Aside from this, the market itself features a combination of shopping possibilities in the Stadtgallerie and traditional products and foods in the Altmarkt. Both market appear to be well-decorated, with the Stadtgallerie having somewhat too much glamour with the Christmas decorations, thus creating more traffic for shoppers than what is needed at the market itself. Again, an imbalance that needs to be corrected. The Altmarkt itself is perhaps the nicest of the Christmas market in Plauen. The booths consist of small mahogany huts made with real wood from the Vogtland region, all decorated with spruce and pine tree branches as well as other forms of decorations. There are several picnic tables and benches, all made of cut-up wood; some of them have shelters in case of inclimate weather.
Much of what the Christmas market at Altmarkt offers is local specialties, such as the woodwork products made in the Vogtland, such as the pyramid, Christmas arch, incense products and figurines that are religious based. For eateries, the market offers not only local foods and drink, but also some international products. Most popular at the market include the Bemme- a bread with fat and pickles, in come cases with liver sausage. Then there is the Baumkuckenspitze, a layered, donut-shaped cake covered in chocolate; some of which with a thin-filling. Holzofenbrot that is cooked in a wood-burning oven is one that is most recommended, and one of the booths had a mixture of both local and international specialties. Especially in the cold weather, these bread products with are really good and filling.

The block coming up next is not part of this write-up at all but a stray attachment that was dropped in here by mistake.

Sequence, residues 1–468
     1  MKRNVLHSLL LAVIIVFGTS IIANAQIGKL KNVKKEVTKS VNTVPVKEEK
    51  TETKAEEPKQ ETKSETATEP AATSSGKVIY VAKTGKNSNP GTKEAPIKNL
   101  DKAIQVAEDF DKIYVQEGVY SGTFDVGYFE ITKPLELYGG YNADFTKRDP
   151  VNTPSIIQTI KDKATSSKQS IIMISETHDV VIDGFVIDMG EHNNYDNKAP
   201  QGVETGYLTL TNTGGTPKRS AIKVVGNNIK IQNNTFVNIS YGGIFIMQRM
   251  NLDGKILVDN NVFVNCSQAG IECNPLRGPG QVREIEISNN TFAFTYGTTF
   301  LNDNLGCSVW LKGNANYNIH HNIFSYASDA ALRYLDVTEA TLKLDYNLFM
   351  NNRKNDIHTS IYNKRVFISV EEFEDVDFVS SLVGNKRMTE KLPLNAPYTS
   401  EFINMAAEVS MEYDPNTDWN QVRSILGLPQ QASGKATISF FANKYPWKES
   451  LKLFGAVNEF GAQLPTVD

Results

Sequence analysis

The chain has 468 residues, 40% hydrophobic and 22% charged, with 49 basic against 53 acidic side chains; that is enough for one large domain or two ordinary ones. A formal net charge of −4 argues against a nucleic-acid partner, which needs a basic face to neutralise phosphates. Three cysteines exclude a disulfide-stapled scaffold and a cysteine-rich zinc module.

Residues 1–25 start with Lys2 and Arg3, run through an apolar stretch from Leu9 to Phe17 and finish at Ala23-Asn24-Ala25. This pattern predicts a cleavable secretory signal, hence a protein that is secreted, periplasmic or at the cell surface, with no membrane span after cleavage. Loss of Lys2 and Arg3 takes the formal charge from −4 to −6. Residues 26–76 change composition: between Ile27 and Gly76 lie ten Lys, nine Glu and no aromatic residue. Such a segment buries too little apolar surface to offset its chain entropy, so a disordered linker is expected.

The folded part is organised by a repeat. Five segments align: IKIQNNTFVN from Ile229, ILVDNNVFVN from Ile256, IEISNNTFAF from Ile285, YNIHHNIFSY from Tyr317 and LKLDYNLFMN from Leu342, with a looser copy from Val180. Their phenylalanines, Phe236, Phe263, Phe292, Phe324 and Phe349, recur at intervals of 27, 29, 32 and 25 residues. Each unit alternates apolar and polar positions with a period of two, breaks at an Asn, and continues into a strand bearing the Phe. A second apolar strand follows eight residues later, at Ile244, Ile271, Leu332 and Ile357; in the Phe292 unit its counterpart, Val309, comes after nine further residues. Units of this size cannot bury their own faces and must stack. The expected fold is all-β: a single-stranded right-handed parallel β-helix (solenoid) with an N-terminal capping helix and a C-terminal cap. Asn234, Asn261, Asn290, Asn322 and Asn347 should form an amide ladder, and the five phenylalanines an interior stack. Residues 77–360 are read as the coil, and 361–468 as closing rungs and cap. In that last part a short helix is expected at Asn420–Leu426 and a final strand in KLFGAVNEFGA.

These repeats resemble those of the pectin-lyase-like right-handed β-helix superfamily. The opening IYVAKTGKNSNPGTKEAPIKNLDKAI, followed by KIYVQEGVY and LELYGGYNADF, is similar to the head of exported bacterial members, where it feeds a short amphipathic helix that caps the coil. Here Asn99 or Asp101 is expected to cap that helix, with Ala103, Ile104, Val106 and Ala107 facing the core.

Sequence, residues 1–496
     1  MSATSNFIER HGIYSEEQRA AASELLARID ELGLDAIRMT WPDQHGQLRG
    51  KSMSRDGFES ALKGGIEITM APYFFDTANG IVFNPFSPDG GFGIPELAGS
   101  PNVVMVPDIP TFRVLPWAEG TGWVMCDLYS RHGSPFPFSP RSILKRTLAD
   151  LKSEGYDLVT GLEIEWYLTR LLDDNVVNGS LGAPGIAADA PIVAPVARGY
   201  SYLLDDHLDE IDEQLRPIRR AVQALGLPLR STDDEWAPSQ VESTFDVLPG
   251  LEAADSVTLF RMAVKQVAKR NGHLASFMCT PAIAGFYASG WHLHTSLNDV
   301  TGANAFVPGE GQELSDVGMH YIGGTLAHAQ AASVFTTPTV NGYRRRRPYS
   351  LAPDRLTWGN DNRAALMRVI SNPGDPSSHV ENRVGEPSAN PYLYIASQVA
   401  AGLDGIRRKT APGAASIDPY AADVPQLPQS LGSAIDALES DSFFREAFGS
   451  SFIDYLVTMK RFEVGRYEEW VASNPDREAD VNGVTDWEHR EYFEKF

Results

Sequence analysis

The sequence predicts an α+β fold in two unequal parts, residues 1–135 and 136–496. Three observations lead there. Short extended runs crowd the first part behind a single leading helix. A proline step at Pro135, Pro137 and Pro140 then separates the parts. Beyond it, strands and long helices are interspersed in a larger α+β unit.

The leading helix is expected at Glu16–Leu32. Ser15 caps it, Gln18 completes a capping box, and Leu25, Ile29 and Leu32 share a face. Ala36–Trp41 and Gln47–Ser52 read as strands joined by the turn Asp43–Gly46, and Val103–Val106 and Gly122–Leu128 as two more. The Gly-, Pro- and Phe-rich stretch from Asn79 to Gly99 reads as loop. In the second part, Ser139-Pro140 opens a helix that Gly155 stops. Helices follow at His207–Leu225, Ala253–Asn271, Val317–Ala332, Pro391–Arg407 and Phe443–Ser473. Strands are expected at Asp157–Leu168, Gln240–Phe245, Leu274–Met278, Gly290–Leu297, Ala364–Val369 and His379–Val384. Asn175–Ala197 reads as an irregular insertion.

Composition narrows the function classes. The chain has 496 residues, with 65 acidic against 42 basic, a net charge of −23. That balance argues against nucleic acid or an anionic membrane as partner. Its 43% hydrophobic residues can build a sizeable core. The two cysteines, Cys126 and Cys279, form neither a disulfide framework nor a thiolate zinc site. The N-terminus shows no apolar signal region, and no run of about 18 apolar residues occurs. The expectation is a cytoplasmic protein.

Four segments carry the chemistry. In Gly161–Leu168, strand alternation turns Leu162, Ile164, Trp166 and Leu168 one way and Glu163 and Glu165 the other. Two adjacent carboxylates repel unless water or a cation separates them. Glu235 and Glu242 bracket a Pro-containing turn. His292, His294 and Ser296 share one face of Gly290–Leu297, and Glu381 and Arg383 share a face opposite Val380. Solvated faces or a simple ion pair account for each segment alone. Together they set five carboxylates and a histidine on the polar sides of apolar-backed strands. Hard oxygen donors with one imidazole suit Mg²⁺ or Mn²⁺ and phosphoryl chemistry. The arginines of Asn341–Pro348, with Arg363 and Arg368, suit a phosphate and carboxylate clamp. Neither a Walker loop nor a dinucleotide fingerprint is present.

As we’re talking about international specialties, the market offers products from the Middle East and parts in Europe. Included in the mix is from the Netherlands, where I had a chance to try different kinds of Gouda cheese- those that are sometimes 2 years old and more than ripe. Regardless of what kind, the cheese is highly recommended, and the salespeople selling them, we had a chance to talk about different cultures between Germany, the US and the Netherlands. Their booth features a good place to chat, where even Father Christmas and the angel can entertain themselves over cheese:
Apart from two different pyramids- one of which is over a century old, one can also spend time at the Spitzenmuseum at the older city hall, which by the way provides a great backdrop to the market together with the tower of the newer city hall, which one can tour the place and enjoy the view of the city and its landscape.